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OPINION – A University’s Obligations to Long Term CSR

With the death of Milton Friedman, on November 16th 2006, the last high-profile critic of corporate social responsibility was rendered silent. We live now in an age when academics and business people of all political colours pay lip service to the idea.

By Gabriel Donleavy – Honorary Advisor | Macau Institute for Corporate Social Responsibility in Greater China (MICSRGC) 


The Duc de La Rochefoucauld (1613-80) produced a maxim that hypocrisy is the tribute vice pays to virtue. In 1983, Di Maggio and Powell updated this notion with their framing of the institutional theory postulate of ‘decoupling’ of corporate actions from corporate words.  In 1984 , Edward Freeman invented normative stakeholder theory which asserts that the interests of corporate shareholders are only maximised long term when the interests of all other stakeholders are also met. There is accordingly a veritable blockchain of theories to buttress the construct of corporate social responsibility. 

Adam Smith in 1776 sanctified the iconic doctrine of the invisible hand as the economic mechanism which turns private selfishness into social benefit.   Modern game theory has since 1944 elaborated how and when that can manifest.  It makes a critical distinction between the zero sum game and the positive sum game. In the former, value is only contested and appropriated by competing players but in the latter value is newly created and economic welfare of all concerned rises. The leaders of business schools and of neoliberal political group see business in this latter framework, whereas trade unions and socialist political groups are apt to use the former frame. Normative stakeholder theorists from Freeman onward see business as necessarily a positive sum game and say that a zero sum game is inherently ephemeral and unsustainable.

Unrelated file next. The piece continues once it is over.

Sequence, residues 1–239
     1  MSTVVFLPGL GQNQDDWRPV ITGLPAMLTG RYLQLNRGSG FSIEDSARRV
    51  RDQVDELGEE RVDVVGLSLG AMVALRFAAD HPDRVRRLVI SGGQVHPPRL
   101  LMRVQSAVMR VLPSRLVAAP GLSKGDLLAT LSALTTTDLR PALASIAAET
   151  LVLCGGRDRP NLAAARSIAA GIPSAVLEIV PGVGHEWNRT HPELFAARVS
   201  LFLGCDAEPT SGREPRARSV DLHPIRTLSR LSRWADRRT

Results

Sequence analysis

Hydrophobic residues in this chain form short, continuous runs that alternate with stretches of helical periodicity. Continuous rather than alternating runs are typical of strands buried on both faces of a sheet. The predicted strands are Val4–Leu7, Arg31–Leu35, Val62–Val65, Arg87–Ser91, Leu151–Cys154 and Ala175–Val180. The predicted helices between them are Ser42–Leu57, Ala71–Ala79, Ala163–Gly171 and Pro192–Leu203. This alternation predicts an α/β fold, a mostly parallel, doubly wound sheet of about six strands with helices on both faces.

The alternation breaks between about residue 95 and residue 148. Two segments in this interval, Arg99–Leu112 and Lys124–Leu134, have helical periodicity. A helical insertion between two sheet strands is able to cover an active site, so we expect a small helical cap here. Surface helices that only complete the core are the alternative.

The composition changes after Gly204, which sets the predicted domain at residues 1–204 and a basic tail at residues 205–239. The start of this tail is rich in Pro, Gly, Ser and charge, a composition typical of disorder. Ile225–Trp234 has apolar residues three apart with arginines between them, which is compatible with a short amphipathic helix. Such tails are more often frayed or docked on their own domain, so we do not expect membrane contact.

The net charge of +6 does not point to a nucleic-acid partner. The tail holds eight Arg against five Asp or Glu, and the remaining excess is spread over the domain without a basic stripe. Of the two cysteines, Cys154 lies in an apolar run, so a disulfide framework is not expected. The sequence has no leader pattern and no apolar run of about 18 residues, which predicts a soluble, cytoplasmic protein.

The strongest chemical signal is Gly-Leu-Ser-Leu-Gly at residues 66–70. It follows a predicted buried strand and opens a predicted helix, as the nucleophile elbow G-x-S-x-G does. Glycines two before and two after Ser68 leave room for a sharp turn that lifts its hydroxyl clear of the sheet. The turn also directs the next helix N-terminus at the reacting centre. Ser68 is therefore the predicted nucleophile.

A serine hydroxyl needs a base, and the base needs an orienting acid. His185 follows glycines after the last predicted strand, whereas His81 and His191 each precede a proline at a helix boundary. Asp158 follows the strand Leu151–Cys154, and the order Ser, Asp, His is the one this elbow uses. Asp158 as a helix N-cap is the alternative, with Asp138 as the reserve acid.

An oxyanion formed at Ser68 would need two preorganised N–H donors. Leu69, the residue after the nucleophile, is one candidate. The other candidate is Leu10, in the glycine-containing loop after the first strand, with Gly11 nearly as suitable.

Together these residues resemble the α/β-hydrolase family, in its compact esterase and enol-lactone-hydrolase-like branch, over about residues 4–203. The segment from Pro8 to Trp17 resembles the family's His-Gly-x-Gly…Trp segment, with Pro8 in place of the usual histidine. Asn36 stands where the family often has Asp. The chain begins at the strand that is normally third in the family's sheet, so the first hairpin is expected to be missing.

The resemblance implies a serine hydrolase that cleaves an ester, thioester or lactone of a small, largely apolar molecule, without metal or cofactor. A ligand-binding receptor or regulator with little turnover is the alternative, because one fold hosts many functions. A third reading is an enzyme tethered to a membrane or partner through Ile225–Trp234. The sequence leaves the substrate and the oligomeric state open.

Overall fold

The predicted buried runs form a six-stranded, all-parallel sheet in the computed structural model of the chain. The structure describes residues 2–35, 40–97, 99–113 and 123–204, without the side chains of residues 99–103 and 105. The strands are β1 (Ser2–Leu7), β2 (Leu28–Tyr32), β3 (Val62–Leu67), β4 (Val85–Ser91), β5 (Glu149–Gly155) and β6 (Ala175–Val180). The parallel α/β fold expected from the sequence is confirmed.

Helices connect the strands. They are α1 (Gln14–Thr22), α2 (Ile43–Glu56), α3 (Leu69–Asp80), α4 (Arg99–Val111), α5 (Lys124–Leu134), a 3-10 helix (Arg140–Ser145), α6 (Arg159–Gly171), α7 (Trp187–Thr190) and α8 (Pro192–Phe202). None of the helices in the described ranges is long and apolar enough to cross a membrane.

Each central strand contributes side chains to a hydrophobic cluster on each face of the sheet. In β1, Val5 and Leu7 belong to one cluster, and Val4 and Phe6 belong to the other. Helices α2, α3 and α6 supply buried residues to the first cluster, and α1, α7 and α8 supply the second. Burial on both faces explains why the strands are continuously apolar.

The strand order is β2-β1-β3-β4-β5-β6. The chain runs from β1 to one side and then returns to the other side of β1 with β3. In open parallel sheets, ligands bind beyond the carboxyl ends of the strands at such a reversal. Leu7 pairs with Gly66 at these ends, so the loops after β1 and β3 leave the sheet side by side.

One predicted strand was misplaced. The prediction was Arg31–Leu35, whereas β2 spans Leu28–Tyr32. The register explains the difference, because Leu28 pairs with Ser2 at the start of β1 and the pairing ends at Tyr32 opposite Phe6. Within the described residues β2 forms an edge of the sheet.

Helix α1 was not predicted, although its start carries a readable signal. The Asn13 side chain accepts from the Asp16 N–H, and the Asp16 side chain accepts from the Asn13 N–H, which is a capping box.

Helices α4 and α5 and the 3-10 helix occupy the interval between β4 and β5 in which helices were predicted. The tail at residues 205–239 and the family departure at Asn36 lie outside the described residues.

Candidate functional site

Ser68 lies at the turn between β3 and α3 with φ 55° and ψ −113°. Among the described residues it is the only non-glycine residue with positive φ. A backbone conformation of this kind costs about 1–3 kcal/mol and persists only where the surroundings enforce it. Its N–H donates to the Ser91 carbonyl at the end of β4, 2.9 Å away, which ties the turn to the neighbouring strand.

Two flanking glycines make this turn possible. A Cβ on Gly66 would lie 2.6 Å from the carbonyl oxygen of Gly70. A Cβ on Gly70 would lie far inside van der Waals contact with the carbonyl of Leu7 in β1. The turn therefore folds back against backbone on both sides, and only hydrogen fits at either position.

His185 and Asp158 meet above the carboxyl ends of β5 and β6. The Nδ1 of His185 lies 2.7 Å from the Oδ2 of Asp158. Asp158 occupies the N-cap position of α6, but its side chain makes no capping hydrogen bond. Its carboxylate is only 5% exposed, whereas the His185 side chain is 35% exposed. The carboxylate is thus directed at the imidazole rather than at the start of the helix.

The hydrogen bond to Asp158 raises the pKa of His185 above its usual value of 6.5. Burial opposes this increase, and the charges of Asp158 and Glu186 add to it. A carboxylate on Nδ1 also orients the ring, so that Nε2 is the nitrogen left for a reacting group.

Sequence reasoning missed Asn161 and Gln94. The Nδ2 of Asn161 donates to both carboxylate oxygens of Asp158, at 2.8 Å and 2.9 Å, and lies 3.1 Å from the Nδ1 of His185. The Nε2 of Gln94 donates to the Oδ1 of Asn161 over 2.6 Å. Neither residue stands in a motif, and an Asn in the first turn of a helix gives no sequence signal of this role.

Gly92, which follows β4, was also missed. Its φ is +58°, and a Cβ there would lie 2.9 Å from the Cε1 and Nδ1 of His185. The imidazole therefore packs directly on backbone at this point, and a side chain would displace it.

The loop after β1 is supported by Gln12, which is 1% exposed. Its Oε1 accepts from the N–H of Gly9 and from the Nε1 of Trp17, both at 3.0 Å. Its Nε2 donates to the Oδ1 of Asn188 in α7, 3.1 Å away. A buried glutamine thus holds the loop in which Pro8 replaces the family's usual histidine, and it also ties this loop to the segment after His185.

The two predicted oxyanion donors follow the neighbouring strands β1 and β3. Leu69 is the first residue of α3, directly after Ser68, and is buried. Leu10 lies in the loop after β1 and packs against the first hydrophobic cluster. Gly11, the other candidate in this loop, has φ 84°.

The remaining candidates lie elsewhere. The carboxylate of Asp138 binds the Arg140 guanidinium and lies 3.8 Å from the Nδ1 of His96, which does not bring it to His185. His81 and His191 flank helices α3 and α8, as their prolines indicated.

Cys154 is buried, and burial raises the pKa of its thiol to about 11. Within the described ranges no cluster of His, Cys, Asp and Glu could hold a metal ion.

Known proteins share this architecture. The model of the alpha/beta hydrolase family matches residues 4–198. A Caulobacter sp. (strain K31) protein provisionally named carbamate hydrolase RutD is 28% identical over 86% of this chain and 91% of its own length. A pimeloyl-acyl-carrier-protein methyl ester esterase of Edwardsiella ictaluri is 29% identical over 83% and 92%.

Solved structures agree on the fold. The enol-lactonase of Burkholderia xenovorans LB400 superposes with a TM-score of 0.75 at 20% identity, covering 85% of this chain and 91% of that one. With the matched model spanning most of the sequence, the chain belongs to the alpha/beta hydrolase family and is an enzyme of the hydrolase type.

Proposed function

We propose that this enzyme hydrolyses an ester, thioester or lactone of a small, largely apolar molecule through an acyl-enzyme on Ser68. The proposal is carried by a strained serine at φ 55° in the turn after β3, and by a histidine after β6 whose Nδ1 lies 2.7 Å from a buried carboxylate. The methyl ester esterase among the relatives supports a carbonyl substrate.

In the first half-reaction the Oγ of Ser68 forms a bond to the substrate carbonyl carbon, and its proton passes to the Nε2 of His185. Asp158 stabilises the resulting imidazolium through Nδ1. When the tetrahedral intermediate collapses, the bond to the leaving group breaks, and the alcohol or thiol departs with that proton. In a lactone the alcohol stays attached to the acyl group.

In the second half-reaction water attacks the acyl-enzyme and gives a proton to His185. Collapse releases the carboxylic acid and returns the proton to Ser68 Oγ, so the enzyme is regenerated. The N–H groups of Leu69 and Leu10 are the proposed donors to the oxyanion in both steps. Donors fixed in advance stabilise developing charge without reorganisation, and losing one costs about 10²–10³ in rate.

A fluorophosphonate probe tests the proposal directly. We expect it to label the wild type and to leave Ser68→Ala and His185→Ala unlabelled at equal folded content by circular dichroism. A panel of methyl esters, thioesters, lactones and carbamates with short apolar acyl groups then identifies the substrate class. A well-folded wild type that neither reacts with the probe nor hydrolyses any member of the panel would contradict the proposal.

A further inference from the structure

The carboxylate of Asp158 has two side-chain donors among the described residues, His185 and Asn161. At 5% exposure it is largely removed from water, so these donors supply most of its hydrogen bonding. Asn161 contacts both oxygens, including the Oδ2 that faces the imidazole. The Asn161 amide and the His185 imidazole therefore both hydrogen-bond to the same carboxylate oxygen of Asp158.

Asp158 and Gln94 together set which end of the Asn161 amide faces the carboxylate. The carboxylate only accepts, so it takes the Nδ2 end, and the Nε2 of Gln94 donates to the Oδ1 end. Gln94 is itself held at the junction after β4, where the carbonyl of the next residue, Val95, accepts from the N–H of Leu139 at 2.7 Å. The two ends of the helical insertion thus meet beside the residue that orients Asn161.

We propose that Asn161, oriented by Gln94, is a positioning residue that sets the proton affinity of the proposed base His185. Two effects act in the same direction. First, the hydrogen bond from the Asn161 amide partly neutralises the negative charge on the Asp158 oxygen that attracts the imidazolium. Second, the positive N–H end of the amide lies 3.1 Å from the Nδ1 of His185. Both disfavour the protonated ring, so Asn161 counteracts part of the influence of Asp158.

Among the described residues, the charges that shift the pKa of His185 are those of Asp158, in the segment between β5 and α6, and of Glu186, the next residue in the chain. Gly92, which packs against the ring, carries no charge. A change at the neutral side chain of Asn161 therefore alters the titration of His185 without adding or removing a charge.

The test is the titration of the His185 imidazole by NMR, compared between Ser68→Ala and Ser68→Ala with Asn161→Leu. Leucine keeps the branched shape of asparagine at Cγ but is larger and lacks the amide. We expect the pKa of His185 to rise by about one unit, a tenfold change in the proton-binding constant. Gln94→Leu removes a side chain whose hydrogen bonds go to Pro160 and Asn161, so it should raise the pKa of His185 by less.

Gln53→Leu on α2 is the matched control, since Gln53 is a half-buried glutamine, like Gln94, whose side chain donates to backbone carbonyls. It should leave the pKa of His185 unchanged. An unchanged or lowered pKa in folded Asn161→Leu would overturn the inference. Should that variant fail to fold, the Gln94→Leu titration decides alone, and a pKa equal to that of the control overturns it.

In the aftermath of the global covid crisis,   universities are making difficult decisions about securing their survival. Society is re-examining their role and governments are reconsidering their financing. The covid crisis has more than decimated the ranks of the mercantilist universities outside the top rankings. The crisis has seen a great increase in the number of articles and published comments on the importance of ensuring the cadres of the future have an effective commitment to, and a capacity for, ethical leadership. Central to such a notion is an ability to balance a   focus on efficiency, profitability and value creation with an ability to understand, serve and honour the common good, the public interest and the culture of one’s domicile. Universities have tended to shirk this in the past, saying students come to universities with characters already fully formed, and anyway it is not the mission of the university to mould character, only to develop the intellect. That will not do for any university seeking to thrive in the times ahead. Effectiveness in developing ethical leaders will  become a primary driver of competitive advantage in the battle for good students. 

How then to become a top rated ethical university? 

First and foremost; no decoupling. No saying what one thing and doing another. No favouritism, no cronyism, no corruption, no victimisation, no tolerance of plagiarism or any other kind of cheating at any level for any reason. 

Second, the courses and researches of the university must commit to a universal scale of values, putting humanity first, and eschewing all frameworks that promote ethical relativism.  

Third, the causes of unethical conduct must be tirelessly researched. Genetics, psychology, sociology, behavioural economics, neuroscience, moral science and  biology are just the more obvious disciplines that make a contribution. Of course, the very idea of ethics presupposes the existence and the validity of ethical universals. Universals transcend religious, ideological, cultural and jurisdictional boundaries. They judge  as evil deliberate acts of murder, rape, theft, fraud, arson, false imprisonment, callous negligence, and damaging the public interest in order to obtain a private advantage.  

A final recommendation for the ethics driven university is a study of the public interest. There are concentric levels of public interest that have a claim on a person’s selfish interest. The innermost public is the family household. Next outermost is the neighbourhood, then the city, then the country, then the world, then posterity, then all life. As we move our attention from one circle to the next outermost one, we move from a public perspective to a public one – for that level. Family is public relative to me myself but private relative to neighbourhood, city, country etc. Let me finish with a question with no easy answer. Does the interest of the most outermost public trump the interests of all the inner ones or can private interests sometimes trump public ones – in the interests of “all”?